9. anarchyintheuk — on 14th October, 2009 at 2:54 am  

      Douglas on the point regarding comments. Again as a blogger I am responsible for the website and therefore the material on the website.

      Note the word ‘I’. I have no need for legal defence teams. If I choose to permit a comment on my website, I am responsible. In the Corporate world, you may want to argue about who owns what and who said what. But the simple fact is. I own my website, I decide what can be published or not and therefore I am the person to whom any issues should be directed.

      I know that it isn’t fashionable in the UK today to take responsiblity. If anyone posts a comment on any of my webstes which I approve, I take absolute responsibility for that decision and if anyone is going to be hurt by injunction, legal redress or imprisonment, there is absolutely no way I will release thei presonal information, if it is not already in public domain, responsibility sits on my backside.

      I can’t even agree with you regarding comments. As far as I am concerned Pickledpolitics owns this website and is responsible for what is published on it. He has a delete button and he is responsible for using it. If he doesn’t, that is his choice. Hiding behind lawyers is the provenance of the coward.

    10. Binkstein IX — on 14th October, 2009 at 4:03 am  

      On the issue of Freedom of Speech [note the capitals] some readers may have not - not yet, anyway - seen this:


      Note the point about the West having lost confidence in its own values.

    11. Kismet Hardy — on 14th October, 2009 at 6:34 am  

      Hosted in California, eh?

      I’m going to ride a bike in a swimming pool in Baldwin Park
      I’m going to block the way peacocks on the road in Arcadia
      I’m going to wear cowboy boots in Blythe even though I don’t own two cows
      I’m gonna sleep in my car in Cathedral City
      I’m gonna go for a shit with the window open at Dana Point
      I’m gonna use sandboxes as asthrays at El Monte
      I’m gonna annoy lizards in the park in Fresno
      I’m gonna throw hay in a cesspool in Chico
      And drive two thousand sheep down Hollywood Boulevard

      Sue me

    12. douglas clark — on 14th October, 2009 at 7:46 am  

      anarchyintheuk @ 9 & 10,

      I’m not sure what special criteria you are applying to your web site that makes it in any way different from, say, this one.

      As a sort of ex anarchist leaning person myself I kind of sympathise with what you had to say, although quite why you would want to take responsibility for me makes you somewhat of a different breed of anarchist from my former self.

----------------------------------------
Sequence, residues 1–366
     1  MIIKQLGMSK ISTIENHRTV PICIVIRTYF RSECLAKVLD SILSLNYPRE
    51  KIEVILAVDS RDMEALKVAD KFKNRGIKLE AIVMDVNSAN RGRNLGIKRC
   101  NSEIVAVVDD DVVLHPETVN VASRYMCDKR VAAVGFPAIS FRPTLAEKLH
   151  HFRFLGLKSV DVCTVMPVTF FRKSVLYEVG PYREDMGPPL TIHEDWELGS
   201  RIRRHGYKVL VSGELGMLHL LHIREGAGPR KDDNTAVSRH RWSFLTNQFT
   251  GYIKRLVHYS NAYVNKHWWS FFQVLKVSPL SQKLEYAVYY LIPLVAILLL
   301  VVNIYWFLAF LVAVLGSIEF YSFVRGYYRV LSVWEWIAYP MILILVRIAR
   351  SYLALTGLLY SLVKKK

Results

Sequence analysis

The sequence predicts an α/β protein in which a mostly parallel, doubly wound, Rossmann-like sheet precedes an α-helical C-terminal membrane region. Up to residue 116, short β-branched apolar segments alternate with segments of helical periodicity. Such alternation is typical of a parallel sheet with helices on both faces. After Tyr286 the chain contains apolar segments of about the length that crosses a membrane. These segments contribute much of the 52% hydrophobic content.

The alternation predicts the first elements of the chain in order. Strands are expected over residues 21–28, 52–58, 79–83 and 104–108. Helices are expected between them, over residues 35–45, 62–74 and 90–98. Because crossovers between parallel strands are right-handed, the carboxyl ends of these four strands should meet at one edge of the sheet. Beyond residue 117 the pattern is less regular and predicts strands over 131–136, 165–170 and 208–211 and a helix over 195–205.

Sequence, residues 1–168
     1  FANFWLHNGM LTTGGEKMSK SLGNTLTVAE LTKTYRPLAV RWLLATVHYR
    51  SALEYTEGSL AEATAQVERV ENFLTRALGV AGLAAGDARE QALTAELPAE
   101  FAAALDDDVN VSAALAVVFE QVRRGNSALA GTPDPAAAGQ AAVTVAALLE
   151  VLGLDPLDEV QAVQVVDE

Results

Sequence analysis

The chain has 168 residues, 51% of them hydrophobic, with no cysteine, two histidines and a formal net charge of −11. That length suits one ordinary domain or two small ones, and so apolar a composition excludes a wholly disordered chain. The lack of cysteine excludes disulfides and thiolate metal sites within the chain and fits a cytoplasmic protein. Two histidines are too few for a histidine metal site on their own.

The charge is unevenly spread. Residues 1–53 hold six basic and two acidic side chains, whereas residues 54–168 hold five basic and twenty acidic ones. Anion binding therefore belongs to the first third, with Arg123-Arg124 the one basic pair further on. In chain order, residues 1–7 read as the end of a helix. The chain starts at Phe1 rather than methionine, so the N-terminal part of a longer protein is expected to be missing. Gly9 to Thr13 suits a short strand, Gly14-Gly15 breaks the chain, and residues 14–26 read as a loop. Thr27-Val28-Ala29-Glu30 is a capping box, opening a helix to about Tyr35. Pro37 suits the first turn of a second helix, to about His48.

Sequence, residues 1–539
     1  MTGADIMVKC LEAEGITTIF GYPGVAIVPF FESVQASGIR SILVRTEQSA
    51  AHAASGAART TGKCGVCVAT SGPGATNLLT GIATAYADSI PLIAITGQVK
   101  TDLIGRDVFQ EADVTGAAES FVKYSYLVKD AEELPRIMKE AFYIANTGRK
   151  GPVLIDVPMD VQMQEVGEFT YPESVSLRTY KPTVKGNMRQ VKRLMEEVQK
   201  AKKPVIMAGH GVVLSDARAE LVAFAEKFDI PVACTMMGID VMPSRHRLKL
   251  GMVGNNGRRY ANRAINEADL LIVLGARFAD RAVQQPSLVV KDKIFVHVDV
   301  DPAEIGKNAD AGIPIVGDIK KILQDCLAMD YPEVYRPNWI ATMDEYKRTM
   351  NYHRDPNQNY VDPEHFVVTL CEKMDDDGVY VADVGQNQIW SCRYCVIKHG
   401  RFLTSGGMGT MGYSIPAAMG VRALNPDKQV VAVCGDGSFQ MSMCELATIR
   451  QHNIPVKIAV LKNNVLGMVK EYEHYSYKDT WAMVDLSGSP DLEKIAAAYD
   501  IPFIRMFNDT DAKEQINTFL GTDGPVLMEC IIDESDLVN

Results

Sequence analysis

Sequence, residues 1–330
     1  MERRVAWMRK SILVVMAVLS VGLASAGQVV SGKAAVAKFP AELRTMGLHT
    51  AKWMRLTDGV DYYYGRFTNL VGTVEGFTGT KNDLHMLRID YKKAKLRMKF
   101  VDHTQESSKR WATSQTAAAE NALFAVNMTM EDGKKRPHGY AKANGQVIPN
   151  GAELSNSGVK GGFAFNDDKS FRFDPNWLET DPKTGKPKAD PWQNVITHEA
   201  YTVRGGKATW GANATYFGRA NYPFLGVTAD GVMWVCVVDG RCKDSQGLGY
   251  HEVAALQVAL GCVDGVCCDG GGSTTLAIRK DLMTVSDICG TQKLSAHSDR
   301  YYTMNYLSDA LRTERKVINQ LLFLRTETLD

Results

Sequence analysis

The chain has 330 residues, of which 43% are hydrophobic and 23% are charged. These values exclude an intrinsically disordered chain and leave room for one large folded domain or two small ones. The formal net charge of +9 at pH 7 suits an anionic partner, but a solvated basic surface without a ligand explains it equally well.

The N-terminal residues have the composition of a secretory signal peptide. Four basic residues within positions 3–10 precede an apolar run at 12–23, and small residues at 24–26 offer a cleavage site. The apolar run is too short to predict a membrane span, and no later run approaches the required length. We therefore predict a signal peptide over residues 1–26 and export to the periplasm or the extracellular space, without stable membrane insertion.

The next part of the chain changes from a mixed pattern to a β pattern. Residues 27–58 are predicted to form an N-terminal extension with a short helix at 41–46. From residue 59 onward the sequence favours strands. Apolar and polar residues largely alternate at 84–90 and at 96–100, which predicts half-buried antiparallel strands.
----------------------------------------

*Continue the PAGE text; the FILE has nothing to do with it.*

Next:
One of the things we used to take reasonably seriously was personal responsibility. Or, if you like, that no-one else had prior authority over what we said or did?

      A host, like Pickled Politics, is thus just that. A friendly public space where you say what you say and, usually, find a welcome. Without going too far into web etiquette a decent guest doesn’t shit on the floor too often. And I wouldn’t, at least not deliberately.

      I doubt there is much of a difference between our hosts views and mine on most subjects. However, I have less to lose than he has on certain subjects and I have made here and on LC comments about Carter Luck that are deliberately incendiary. Suggesting that they are struck off is perhaps a step further than Sunny would go, but I think - correct me if I am wrong Sunny - I think he’d agree with the sentiment if not the actualité.

      But the responsibility for saying that is mine, and mine alone. It is entirely unreasonable that a meeting place in cyberspace where I comment should be in the firing line for what I say. What judgement would the web host be required to make? It would not be on the merit of the arguement, assuming it had any, it would be on the potential liability. Which is why you have to respect the likes of Mr Eugenides, The Spectator and the like for sticking two fingers up at authority.

      Serious case in point, others have challenged the BNP with a series of questions on here. Their replies were unexpurgated, although obviously commented on. Would it be reasonable for anyone to accuse this web site of BNP sympathies for holding that debate or posting their replies? The raw comments from the BNP were perhaps unacceptable to anyone slightly to the left of Ghengis Khan but, if you are going to have a debate with them, you have to be robust enough to publish their shit as well as the counter arguements.